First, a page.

The impact of Exercise on the Brain
We hear a lot about the positive effects of exercise on the body. Every major system of the body benefits from exercise, especially the musculoskeletal, cardiovascular, respiratory and endocrine systems. Recently, however, attention has turned to the positive effect of exercise on the brain, which of course is part of the nervous system. This is an exciting and growing area of research. There are many aspects of brain function that have been found to improve under exercise conditions. Perhaps the most interesting are:
- Mental Health
- Cognitive (Anti-aging)
In the area of mental health, the effect of exercise on depression and anxiety disorders has been investigated most extensively. Clinical studies have shown that regular aerobic exercise is just as effective as taking anti-depressants in controlling mild-to-moderate depression. The effects can be achieved by following basic exercise guidelines, such as performing a total of 150 minutes of moderate intensity aerobic exercise per week. One way that exercise helps is by stimulating the production of endorphins, which are brain chemicals that improve mood and inhibit pain.
For those suffering from mild-to-moderate depression, engaging in regular exercise can be a viable alternative to taking medications.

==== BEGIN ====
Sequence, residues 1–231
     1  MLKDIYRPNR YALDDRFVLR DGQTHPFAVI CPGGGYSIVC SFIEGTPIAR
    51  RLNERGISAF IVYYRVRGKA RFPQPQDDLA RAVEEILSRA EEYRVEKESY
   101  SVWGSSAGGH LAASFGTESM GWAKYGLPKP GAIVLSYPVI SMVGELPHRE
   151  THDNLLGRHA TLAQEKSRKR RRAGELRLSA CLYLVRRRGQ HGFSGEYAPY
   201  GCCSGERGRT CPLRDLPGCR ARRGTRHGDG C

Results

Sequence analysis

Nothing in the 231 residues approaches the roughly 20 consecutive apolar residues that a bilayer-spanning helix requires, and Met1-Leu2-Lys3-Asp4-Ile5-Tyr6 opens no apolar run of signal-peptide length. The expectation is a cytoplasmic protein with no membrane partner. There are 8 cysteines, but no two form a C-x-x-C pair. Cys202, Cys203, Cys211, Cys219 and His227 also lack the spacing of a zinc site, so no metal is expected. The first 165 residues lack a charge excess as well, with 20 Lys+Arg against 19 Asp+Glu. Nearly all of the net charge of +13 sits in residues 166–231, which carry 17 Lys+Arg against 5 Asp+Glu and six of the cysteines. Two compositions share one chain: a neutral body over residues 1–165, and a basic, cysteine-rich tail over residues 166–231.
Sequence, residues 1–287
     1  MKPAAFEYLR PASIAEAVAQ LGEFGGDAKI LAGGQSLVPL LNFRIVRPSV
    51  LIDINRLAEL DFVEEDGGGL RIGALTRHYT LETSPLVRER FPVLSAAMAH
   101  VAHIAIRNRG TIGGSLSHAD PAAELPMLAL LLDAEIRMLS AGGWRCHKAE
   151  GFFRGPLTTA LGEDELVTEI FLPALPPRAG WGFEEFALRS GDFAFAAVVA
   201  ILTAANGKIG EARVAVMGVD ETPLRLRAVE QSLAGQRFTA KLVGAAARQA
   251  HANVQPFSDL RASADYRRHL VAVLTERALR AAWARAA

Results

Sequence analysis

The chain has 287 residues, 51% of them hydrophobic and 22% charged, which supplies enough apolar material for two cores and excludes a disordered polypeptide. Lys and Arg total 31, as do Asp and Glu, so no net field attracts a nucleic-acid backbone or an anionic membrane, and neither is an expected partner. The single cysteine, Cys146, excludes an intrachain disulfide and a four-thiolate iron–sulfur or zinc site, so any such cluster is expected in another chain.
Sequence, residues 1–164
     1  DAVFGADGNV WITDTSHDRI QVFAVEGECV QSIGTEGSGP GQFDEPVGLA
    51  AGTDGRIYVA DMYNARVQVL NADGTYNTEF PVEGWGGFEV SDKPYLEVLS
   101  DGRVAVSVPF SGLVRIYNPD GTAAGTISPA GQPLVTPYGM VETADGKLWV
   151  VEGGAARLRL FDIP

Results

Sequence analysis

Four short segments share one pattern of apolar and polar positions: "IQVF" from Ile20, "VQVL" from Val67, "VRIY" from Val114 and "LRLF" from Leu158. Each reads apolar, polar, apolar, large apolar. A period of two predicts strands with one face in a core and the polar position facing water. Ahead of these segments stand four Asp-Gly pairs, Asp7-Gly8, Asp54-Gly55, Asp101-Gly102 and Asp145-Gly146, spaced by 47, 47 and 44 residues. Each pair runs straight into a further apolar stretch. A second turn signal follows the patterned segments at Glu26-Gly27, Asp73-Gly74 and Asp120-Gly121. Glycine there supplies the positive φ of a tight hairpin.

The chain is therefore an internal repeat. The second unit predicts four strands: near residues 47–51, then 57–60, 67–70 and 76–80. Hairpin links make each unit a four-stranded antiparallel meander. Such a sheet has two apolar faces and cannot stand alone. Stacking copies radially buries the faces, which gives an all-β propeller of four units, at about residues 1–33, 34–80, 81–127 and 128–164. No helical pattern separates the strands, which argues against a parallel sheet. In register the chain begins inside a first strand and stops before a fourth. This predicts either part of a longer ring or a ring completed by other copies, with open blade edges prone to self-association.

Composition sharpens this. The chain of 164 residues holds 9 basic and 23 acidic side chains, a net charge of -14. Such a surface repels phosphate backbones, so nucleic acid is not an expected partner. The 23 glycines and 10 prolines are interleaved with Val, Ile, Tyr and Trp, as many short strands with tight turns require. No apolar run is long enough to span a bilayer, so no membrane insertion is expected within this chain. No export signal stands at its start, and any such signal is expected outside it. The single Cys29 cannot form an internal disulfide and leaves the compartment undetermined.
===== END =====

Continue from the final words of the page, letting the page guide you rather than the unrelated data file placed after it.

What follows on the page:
With regard to cognitive function, exercise improves memory and other skills linked the “executive” regions of the brain. Functional MRI has opened up a whole new line of research on the relationship between exercise and cognition. For example, the hippocampus, which is considered the memory center of the brain, has been shown to increase in size and volume in response to exercise. Information processing also improves under exercise conditions. The implications of these relationships to age-related brain changes are tremendous. One conclusion is that exercise can offset the negative effects of aging on brain function.
All of this further supports the contention that if exercise could be made in pill form, it would be the greatest cure-all in the world.
Marcia Spoto PT, DC, OCS